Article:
If you’ve even given the Internet a cursory glance over the last few weeks, you’re probably aware that Chris Pratt is having a moment right now. Thanks to a starring role in Guardians of the Galaxy, one of the biggest movies of the year, even people who’ve never seen an episode of Parks and Recreation or Everwood are being clued into his goofy, lovable charms. But playing Peter Quill is bound to have more long-term effects on Pratt’s career than simply giving him a venue to showcase his French-braiding skills – the question that remains is whether these will be positive effects.
Obviously, getting to play a superhero in a Marvel film is going to be amazing for any actor. They’re easily the biggest, most-exciting films of the year; they guarantee you plenty of press attention and new fans, and open you up to countless new opportunities and projects. But what about the times Pratt won’t be protecting the galaxy? Actors who star in superhero and sci-fi franchises often struggle to break out of the shadow of their famous characters. Leonard Nimoy and George Takei will always be Spock and Sulu, no matter what other projects they pursue; despite the beard, Mark Hamill is still known as Luke Skywalker; even Michael Keaton has yet to surpass his Batman fame. Once you become recognized for a single, beloved character, it’s hard for fans to see you any other way, which could result in Pratt being stuck as Star-Lord for the rest of his career.
Despite being part of one of the most iconic franchises of all time, only Harrison Ford was really able to break away from his Star Wars character, which he did by jumping straight into the Indiana Jones series. Pratt is taking a somewhat similar path, following up Guardians of the Galaxy with Jurassic World, which should help keep him in people’s minds as something other than Star-Lord. Still, from what we’ve heard, Pratt’s character Owen seems to be similarly confident and wise-cracking, which could result in him being typecast as the good-looking jokester. Considering the fact that Pratt only just stopped being typecast as the “chubby, dumb best friend,” that’s not necessarily a step forward, even if it does guarantee him more leading roles. And since there are so many more actors in Hollywood who specialize in those kinds of roles, it means that Pratt will face a lot more competition for parts.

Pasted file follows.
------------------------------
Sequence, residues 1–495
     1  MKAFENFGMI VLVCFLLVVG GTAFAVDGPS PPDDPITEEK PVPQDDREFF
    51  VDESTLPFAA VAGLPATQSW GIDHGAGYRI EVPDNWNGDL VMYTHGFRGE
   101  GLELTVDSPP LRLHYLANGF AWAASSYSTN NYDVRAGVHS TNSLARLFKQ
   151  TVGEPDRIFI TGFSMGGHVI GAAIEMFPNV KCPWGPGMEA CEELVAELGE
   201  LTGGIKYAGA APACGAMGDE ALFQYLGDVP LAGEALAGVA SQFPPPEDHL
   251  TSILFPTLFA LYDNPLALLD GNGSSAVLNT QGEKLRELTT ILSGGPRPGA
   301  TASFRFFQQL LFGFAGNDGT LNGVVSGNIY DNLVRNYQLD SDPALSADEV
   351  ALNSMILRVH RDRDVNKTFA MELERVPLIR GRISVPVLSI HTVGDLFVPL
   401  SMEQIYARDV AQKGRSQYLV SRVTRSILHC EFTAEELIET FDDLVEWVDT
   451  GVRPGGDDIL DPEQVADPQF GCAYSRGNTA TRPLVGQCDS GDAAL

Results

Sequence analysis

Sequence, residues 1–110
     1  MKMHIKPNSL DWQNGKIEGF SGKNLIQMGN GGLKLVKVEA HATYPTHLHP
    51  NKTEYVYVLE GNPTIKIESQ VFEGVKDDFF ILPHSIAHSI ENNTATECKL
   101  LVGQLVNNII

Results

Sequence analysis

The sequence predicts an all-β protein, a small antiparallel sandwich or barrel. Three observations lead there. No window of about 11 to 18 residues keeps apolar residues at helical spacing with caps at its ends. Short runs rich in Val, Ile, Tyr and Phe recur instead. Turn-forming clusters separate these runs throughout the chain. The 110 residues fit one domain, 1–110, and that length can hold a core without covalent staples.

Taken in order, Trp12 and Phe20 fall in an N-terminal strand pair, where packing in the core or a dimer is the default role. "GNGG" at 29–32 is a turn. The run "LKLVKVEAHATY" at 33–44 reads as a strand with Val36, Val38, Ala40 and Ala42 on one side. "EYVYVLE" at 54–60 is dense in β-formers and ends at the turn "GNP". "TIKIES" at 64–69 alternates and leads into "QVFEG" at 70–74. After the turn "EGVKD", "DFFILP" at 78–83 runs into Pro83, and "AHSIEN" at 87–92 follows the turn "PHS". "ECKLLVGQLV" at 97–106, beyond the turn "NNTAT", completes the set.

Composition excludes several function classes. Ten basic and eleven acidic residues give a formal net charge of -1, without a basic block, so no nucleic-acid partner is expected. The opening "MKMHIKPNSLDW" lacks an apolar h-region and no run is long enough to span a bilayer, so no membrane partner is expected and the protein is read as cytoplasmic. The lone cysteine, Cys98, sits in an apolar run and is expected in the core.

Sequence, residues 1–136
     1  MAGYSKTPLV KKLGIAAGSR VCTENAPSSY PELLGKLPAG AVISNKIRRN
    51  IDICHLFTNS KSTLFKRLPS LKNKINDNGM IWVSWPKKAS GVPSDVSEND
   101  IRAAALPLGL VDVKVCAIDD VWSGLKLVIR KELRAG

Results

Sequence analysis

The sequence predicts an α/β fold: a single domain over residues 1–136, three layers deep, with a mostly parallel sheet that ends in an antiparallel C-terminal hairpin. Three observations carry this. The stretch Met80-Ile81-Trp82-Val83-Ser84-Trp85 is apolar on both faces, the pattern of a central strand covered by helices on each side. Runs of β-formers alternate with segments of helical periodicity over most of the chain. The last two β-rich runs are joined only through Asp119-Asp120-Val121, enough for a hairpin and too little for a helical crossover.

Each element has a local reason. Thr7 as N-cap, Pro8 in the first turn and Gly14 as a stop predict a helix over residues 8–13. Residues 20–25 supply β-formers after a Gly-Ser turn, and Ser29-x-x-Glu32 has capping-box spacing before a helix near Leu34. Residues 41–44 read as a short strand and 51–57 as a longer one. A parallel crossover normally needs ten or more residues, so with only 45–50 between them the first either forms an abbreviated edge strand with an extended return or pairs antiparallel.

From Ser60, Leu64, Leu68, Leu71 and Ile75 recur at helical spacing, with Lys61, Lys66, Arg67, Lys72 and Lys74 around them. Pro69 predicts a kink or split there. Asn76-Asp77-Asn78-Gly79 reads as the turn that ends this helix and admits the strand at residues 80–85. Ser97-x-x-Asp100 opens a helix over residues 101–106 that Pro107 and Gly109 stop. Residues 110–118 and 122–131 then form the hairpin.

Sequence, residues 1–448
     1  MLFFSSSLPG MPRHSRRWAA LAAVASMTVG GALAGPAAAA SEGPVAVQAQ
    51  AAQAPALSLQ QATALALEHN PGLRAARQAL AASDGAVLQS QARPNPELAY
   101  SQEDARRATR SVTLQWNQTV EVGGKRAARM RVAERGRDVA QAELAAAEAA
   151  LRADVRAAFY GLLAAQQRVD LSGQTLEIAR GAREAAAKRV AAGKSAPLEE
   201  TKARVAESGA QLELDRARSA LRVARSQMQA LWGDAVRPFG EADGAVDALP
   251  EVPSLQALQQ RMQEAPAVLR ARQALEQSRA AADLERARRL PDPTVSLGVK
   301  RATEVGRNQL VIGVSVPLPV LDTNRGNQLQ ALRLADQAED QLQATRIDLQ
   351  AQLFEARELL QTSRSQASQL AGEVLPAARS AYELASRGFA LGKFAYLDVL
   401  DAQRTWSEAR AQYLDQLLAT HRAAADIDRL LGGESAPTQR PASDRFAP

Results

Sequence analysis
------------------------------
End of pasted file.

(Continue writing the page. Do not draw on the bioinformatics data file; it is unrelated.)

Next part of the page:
Becoming known solely as Star-Lord could also make it harder for Pratt to play the kind of supporting character roles that he’s done well with lately, like the underdog baseball player in Moneyball and the good-hearted but doofy colleague in Her. Now that he’s considered a leading man, he might not be considered for those roles anymore. Even if he is, it could be hard for audiences to see him as anything else, which could pull them out of the film. Sure, Star-Lord’s a nice guy and all, but who would actually believe that he’s working at a company that writes love letters?
Look at some of Pratt’s superhero contemporaries: it doesn’t matter what film Robert Downey Jr.’s in, he’s most likely playing the handsome jerk. Scarlett Johansson is almost always the tough girl. And Jeremy Renner is… constantly overlooked. It would be very easy for Pratt to get typecast as the rule-breaking wisecracker. That’s not to say he wouldn’t be great at those parts – he obviously plays them well – but it does put him in a box.
However, Pratt does have an extensive background in television, which gives him an advantage over some of his fellow Marvel heroes. Andy Dwyer and Peter Quill have a fair amount of similarities, but where one is a schlubby slacker, the other is an adventurous go-getter. And both are different still from Bright Abbott, the obnoxious football player Pratt played on Everwood. He’s already proved that he has the range to handle a variety of characters, and now that people are finally paying attention to him, that should help open him up to a different slate of roles and opportunities. Pratt’s got the talent and the charm to play almost anything, as his extensive sitcom past proves, so to keep him locked into one type of character for the rest of his career would be disappointing.